The phrase stopped me in my tracks: “Government Greed.” I
thought I was the only one who ever used it, and suddenly there it
was, the title of a Wall Street Journal editorial. Should I congratulate
the paper for a conceptual breakthrough, or sue for copyright violation?
Greed used to mean an unscrupulous appetite for other people’s
money, typified by the highwayman and the embezzler. In the age of
limitless government it has come to mean the simple desire to keep
your own money. Politicians proposing tax cuts are “pandering
to greed and selfishness.”
But nobody accuses the government of greed, no matter how heavily
it taxes us. Government is assumed to be entitled to take as much of
the citizens’ wealth as it desires.
By the same token, nobody accuses public employees and welfare recipients
of greed for wanting to live on money taken by force (under threat
of fines and imprisonment) from people who have to earn a living in
the voluntary economy.
Tax Freedom Day is the day when the taxpayer stops working for the
government and starts working for himself. In effect, the taxpayer
now works for the government until early June. Nearly half our earnings
go to the government; by some calculations, the real amount is much
more than half, when you take into account such factors as hidden taxes
on the products we buy with our remaining money.
Observing Tax Freedom Day is a great idea, but we need a historical
standard of comparison. When did Tax Freedom Day fall in 1775? How
much of that year did the American taxpayer work for the allegedly
tyrannical King George III?
In those days there was no income tax, and Americans were enraged
when the king raised excise taxes on certain goods by a few pennies.
So Tax Freedom Day must have fallen pretty early — around mid
At what point are taxes too high — so high that they create
what amounts to “involuntary servitude”? It’s a sign
of the times that even the U.S. Supreme Court, which specializes in
discovering new meanings in the Constitution, hasn’t found “penumbras” and “emanations” in
the Thirteenth Amendment, applying it in ways its authors never imagined.
If pornography falls under “the freedom of speech [and] of the
press,” if the Fifth Amendment somehow requires that criminal
suspects be advised of their rights, if abortion is protected by a
penumbral “privacy” (which isn’t even mentioned in
the Constitution), then why should “involuntary servitude” be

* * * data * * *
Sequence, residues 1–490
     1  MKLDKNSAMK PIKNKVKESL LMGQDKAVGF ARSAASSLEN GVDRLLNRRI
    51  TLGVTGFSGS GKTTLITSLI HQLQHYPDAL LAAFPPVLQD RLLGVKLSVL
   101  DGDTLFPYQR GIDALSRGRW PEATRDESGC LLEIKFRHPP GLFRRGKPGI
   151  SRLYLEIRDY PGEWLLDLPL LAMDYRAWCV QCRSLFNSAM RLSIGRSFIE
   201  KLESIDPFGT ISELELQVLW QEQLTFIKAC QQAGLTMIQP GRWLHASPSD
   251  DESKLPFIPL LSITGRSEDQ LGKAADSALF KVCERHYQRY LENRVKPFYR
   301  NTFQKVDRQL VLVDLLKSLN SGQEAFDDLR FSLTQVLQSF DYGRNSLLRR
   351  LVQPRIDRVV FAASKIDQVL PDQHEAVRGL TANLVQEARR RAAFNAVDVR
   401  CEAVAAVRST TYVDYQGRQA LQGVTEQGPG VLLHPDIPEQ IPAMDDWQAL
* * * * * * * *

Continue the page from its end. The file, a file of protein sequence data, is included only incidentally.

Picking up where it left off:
construed so narrowly as to mean only chattel slavery, and not servitude
to the state?
After all, the Thirteenth Amendment makes no distinction between servitude
to the state and servitude to a private master. It should be construed
to forbid excessive taxes and military conscription as well as chattel
slavery. You can be a slave without wearing shackles and being whipped.
But alas, we have no commonly accepted criteria of proper and improper
uses of the taxing power. How much is too much? This question is hard
to answer when there are no limits on the functions of the state. Government
now claims authority over everything from preschool education to outer
space, over what we eat and how much water we have in our toilets.
Good old King George left such decisions to his subjects, even though
he never had to worry about being reelected.
If government were confined to a few specific functions, such as protecting
us from crime and foreign invasion, then we could say that we were
being illegally taxed whenever it spent money for unauthorized functions.
Nobody should be forced to pay a penny for educational and cultural
activities, for example.
In fact, nobody should be forced to pay for anything that benefits
other people but not himself. This is axiomatic. Being compelled to
support other people is surely “involuntary servitude.” If
taxation can be justified at all, it must be for the common good, not
for the advantage of some at the expense of others.
Otherwise, government becomes an instrument of depredation and extortion — as
indeed it now is. People like me can use it to rob people like you,
and vice versa. Modern democracy serves organized greed.
Copyright © 2011 by the Fitzgerald
Griffin Foundation. All rights reserved. This column was published originally
by Griffin Internet Syndicate on July 11, 2000.
Joe Sobran was an author and a syndicated columnist. See bio
and archives of some of his columns.
Watch Sobran's last TV appearance on YouTube.
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during the FGF Tribute to Joe Sobran in December 2009.
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